The Dreamers (2003) - Can't Stop the Movies
Can't Stop the Movies
16Jun/101

The Dreamers (2003)

ANDREW LIKEWe get the occasional protest these days, but nothing like the riots caused by some of the great European films of the 60‘s.  It really seemed like life would change because of Godard and others in his rabble rousing clan.  That was idealistic.  It was a dream by people that elected a spokesman who thought in images and dealt with dreams.  The Dreamers follows this path from idealism and power to a long, sad decline into blind rage and grief.

This is an endlessly fascinating examination of the death of cinematic idealism.  The stage is Paris in 1968 when young Americans like Matthew (Michael Pitt) could arrive hoping to learn French and never leave the theaters.  Eventually, he catches the eyes of Isabelle (Eva Green) and her twin brother Theo (Louis Garrel).  The twins take it upon themselves to draw Matthew into their world of games and humiliation when their parents disappear to the coast for a month.

Their house is a cocoon, safe and protected from the riots that are slowly escalating outside the walls.  The corridors twist and turn into each other, doors are hidden everywhere, and it is all lovingly captured by Bertolucci.  They tease and test Matthew on movies, reenacting old scenes and living their lives as if they are in a doomed Truffaut romance.  Matthew is suspicious, but allows himself to be taken in by their charms, even after one of their games ends with Isabelle commanding Theo to masturbate in front of she and Matthew.

All the while the world continues on without them, growing more violent and lacking from the naive idealism of film.  This is central to the idea of The Dreamers.  Theo and Isabelle are not children of free will, they are born of movies, learned from movies and will continue to live their lives reenatcting the scenes they love so.  Matthew has the benefit of being an outsider, but truly believes in the purity of love and the cinema.

The film has a curious aura about it.  It’s clear that these events are being remembered by Matthew later on in his life, but have the spirit of being caught in the moment.  They speak in grand gestures while sitting around the apartment growing more and more isolated from the outside world.  Perhaps they remember these evens so fondly because they cannot realize just how crazy they are in these moments of “divine art”.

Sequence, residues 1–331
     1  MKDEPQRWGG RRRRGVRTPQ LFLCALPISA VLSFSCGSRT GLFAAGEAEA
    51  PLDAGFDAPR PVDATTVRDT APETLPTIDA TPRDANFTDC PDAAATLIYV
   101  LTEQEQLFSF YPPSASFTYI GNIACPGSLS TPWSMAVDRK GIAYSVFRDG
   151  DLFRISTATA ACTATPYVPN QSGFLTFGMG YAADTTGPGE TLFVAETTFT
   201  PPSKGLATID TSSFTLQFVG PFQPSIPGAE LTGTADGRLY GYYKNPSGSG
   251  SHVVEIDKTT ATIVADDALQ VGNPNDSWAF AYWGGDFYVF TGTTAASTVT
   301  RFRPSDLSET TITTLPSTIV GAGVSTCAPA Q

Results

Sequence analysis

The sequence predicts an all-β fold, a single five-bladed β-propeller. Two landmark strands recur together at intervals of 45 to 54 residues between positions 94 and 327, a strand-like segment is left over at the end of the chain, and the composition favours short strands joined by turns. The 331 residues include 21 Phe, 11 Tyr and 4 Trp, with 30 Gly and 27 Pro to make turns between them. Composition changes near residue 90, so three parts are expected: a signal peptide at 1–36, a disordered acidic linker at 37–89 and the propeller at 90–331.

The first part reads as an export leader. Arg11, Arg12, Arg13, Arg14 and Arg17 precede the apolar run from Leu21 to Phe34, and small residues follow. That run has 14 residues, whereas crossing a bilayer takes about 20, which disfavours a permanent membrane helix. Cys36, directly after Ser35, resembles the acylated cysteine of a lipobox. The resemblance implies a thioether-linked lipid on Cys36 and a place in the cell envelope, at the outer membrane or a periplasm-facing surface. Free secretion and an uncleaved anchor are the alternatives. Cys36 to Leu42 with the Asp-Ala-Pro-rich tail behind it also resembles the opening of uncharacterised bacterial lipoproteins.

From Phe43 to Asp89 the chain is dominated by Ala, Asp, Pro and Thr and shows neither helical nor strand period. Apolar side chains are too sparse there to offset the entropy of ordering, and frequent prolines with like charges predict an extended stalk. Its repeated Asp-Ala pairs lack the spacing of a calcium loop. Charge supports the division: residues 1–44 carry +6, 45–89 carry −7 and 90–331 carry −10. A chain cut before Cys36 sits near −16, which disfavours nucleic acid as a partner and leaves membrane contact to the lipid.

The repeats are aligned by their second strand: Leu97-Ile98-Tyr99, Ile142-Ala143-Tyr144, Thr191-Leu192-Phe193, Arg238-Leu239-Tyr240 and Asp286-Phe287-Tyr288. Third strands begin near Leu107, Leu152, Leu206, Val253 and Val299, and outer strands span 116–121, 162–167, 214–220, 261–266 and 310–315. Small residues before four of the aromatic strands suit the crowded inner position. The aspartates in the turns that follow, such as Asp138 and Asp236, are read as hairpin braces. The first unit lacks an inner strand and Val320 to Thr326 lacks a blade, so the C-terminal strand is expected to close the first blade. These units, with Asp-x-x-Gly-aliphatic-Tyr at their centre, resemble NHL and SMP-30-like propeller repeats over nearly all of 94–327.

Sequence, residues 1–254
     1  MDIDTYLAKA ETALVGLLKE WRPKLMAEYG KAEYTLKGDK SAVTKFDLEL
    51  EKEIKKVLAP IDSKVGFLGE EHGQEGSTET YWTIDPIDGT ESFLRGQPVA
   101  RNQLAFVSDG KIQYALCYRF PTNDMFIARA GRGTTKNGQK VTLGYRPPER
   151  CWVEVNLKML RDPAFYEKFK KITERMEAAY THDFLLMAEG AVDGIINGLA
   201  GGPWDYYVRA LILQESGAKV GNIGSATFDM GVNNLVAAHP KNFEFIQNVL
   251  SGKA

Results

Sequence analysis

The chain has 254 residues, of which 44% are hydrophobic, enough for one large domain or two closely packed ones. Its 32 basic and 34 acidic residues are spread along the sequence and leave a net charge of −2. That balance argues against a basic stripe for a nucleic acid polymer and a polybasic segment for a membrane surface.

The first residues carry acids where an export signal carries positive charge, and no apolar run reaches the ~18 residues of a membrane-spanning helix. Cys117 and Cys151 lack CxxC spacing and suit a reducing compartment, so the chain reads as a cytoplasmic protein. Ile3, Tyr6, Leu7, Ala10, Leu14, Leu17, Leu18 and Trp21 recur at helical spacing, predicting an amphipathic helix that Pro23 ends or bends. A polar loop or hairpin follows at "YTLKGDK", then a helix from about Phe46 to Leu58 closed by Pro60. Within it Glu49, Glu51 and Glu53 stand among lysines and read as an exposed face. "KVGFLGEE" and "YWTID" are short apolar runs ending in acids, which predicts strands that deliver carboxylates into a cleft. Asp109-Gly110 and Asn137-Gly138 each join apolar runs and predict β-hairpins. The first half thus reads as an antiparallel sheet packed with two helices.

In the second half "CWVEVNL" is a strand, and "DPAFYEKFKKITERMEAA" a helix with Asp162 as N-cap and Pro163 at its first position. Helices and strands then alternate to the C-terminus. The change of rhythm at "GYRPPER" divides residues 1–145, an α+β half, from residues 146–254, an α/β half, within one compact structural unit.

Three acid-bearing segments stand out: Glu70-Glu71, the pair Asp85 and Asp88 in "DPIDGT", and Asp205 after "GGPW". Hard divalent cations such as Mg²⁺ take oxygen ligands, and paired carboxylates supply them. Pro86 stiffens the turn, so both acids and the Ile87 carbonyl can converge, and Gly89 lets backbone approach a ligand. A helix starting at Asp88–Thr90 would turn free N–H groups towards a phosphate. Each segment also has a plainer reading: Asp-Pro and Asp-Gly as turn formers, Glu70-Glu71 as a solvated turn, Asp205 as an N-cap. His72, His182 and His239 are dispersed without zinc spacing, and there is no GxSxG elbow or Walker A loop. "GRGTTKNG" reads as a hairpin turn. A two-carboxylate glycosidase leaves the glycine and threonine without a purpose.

Part of the beauty of Bertolucci’s film is how it effortlessly envokes these feelings of nostalgia while maintaining a certain sense of realism about those times.  There isn’t a lot of the flashy camerawork that was so prevalent in Last Tango In Paris, but the film is sensuously detailed.  The home is a treasure, and we can see how these young idiots could form so many crazy ideas about the world when they can’t even go out to see it.

There’s an awful lot of frank sexuality in the film that is incredibly refreshing.  Matthew is clearly attracted to Isabelle, and seems to have some feelings for Theo as well.  It’s not all fresh and pure though.  Theo and Isabelle are clearly attracted to each other.  In an early moment Matthew sees the two of them sleeping naked with each other in bed but chooses to stay.  Why?  Perhaps he thinks in his own idealism that he might be able to stop their self destructive nature.

Films of the French New Wave are effortlessly invoked in a way that does not feel intrusive or gimmicky.  These people built their lives around cinema and it makes sense that the visual and audio style of the movie would recall those times.  Even the casting has a lot of the feel of the New Wave.  Louis Garrel is the standout here and has to convey a lot of complicated emtions from his rage, incestual feelings toward his sister, and his desire to keep dreaming.  He even looks like he could have starred in one of Godard’s features from the 60‘s, with features that recall Alain Deleon and Jean-Pierre Leaud (who makes a welcome cameo at an early protest).

The film put me into a haze.  I remember when I used to sit with friends debating endlessly about matters of urgent importance.  However, I’m starting to wonder if any of us ever really said anything.  Maybe we were isolating ourselves from the outside world as well, trying to build our dream wherever we could.  But those years are gone now, and I can only ponder what thoughts I have left, and if I have any more room to dream.

The Dreamers (2003)

Directed by Bernardo Bertolucci.
Written by Gilbert Adair.
Starring Michael Pitt, Eva Green and Louis Garrel.

Posted by Andrew

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  1. … really? This is probably one of the worst goddamn movies I’ve ever seen.

    So, uh, bravo.


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